City Public Works Director Philo Shelton said asphalt and other materials removed from Lincoln Avenue during the repaving project, which now are piled near the Bear River Skatepark, will be crushed for city road projects or used for fill in a lagoon awaiting decommission from the state.

Photo by Tom Ross

City Public Works Director Philo Shelton said asphalt and other materials removed from Lincoln Avenue during the repaving project, which now are piled near the Bear River Skatepark, will be crushed for city road projects or used for fill in a lagoon awaiting decommission from the state.

Asphalt removal in Steamboat pending state action

City says materials near skatepark to be crushed, used for road projects

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— A city engineer said Monday that there’s no timeline for the removal and reuse of asphalt from the Lincoln Avenue repaving project that’s now piled at the site of former sewer lagoons near Bear River Skatepark.

“Right now, we’re in the process of working with the state on decommissioning those lag­oons,” city engineer Ben Beall said.

There are three ponds in the lagoon on Steamboat’s west side, behind the Routt County Jail at the end of Lagoon Court. Use of the lagoon as an open wastewater site began decades ago, Beall said, and later was scaled back to handle only overflow conditions. Even that use has long since stopped, Beall said, and the city now is working with the Colorado Department of Public Health and Environment to “decommission” the last of the three ponds that the state still designates an active wastewater treatment site.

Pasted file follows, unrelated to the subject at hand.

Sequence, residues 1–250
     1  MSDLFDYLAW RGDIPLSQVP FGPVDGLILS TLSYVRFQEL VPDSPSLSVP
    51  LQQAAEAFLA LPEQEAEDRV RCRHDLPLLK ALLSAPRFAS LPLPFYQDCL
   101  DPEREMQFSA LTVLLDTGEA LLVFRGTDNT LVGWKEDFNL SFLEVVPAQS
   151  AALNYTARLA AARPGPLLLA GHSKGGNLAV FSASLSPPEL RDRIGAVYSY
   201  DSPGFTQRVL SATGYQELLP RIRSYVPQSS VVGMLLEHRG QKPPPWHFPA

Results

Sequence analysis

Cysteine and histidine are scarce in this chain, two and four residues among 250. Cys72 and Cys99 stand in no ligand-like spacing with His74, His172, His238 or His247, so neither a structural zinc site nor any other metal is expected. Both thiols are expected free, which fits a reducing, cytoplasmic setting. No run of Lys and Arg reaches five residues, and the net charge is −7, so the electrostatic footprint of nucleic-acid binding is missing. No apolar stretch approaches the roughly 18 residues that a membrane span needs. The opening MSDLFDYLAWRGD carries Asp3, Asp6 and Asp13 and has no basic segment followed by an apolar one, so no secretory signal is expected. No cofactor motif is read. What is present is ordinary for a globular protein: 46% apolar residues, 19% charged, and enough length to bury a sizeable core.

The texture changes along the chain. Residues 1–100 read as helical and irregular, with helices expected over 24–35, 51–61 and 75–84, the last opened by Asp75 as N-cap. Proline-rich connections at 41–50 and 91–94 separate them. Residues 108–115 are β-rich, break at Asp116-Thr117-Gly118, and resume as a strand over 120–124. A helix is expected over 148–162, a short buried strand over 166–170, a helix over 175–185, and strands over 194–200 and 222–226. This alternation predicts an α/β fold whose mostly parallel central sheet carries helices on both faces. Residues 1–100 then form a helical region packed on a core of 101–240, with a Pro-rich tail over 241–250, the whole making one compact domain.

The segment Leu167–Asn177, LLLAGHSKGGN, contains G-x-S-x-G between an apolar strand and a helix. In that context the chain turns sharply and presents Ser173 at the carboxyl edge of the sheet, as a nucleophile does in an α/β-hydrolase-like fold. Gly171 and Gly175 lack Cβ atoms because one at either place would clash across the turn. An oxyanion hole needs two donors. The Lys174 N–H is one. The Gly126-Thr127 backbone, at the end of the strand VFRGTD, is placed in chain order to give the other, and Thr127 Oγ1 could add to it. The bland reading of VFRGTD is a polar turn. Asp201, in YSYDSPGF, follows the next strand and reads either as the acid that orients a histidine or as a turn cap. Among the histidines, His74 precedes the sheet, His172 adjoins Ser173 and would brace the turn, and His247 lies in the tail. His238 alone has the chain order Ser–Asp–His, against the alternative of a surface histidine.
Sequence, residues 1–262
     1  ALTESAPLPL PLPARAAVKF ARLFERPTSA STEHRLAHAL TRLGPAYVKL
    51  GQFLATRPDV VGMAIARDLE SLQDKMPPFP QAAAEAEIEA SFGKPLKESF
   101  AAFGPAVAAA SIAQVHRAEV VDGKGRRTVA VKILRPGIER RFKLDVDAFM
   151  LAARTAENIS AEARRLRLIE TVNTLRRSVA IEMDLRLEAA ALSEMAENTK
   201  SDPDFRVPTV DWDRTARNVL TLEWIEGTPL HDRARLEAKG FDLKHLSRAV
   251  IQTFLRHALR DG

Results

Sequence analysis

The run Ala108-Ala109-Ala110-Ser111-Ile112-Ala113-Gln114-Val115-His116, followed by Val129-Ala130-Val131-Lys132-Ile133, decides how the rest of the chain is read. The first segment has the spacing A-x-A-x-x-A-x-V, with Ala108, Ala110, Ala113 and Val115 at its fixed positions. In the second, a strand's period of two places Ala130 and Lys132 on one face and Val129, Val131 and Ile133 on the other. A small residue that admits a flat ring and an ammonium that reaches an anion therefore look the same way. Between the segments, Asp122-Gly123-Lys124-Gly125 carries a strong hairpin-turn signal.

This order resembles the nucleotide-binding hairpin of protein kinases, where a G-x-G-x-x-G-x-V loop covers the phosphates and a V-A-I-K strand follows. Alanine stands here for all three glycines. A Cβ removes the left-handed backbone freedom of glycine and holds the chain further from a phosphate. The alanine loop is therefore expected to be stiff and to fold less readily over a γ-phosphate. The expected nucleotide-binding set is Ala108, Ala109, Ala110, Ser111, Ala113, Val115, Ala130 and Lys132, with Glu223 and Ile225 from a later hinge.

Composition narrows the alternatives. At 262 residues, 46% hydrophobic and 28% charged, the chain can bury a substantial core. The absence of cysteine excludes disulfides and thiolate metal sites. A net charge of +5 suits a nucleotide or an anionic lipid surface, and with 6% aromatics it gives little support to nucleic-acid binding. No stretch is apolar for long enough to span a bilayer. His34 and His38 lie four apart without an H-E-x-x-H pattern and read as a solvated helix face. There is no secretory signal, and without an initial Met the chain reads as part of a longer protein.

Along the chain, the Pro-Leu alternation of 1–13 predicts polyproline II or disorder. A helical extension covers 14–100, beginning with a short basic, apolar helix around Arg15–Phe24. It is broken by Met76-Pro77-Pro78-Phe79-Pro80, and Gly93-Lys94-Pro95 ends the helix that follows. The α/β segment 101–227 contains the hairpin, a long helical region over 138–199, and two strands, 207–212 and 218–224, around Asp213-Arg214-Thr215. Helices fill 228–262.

City Public Works Director Philo Shelton said that particular pond is immediately east of the skatepark that opened earlier this year.

Asphalt from the Colorado Department of Transportation’s massive Lincoln Avenue repaving project sits over the two decommissioned ponds, Shel­ton said. He added that the asphalt is the responsibility of the city, not of CDOT or Scott Contracting, which did the Lincoln Avenue work.

“We took that asphalt knowing that some day we could take some of it and recycle it,” Shelton said. “We had offered that right up front in the bid with CDOT, that we had a disposal site for the asphalt.”

That disposal site was selected before the skatepark was designated nearby, Shelton said.

He and Beall said CDOT tested asphalt and other materials for contaminants, such as oil, as materials were removed from Lincoln Avenue during the $5.6 million project that began a year ago and wrapped up last month.

“If it was not clean fill, they would have disposed of it differently — it would have been taken to a facility that could handle that,” Shelton said.

Beall acknowledged the as­­­phalt pile “is a bit of an eyesore at this point.” He said it would be crushed for uses including city and county roadway projects, and, potentially, to help meet decommissioning requirements for the remaining pond.

“We know that we can crush and use that material either at the lagoon or on our own roadway projects, and that’s our intent right now,” Beall said. “We’re actively working to get that chunk and that asphalt used in an environmentally green manner.”

Shelton said the city’s Parks, Open Space and Recreational Services Department would begin the process to improve skatepark access after the final pond is decommissioned.

“When that all gets closed out, then it gets turned over to parks, 100 percent,” Shelton said. “Once that’s done, then I think a lot of these access and road improvements can be folded in.”

But until that time, Shelton said, the city has to keep the lagoon site separate from access to the skatepark.

Jon Casson, director of the Steamboat Skatepark Alliance, could not be reached Monday.

The $312,000 park was completed in May. The cost to build the park was covered by a $200,000 grant from Great Outdoors Colorado; $50,000 from the city of Steamboat Springs; $50,000 from the Steamboat Skatepark Alliance; $10,000 from the Yampa Valley Community Foundation; and $2,000 from the Rotary Club of Steamboat Springs.

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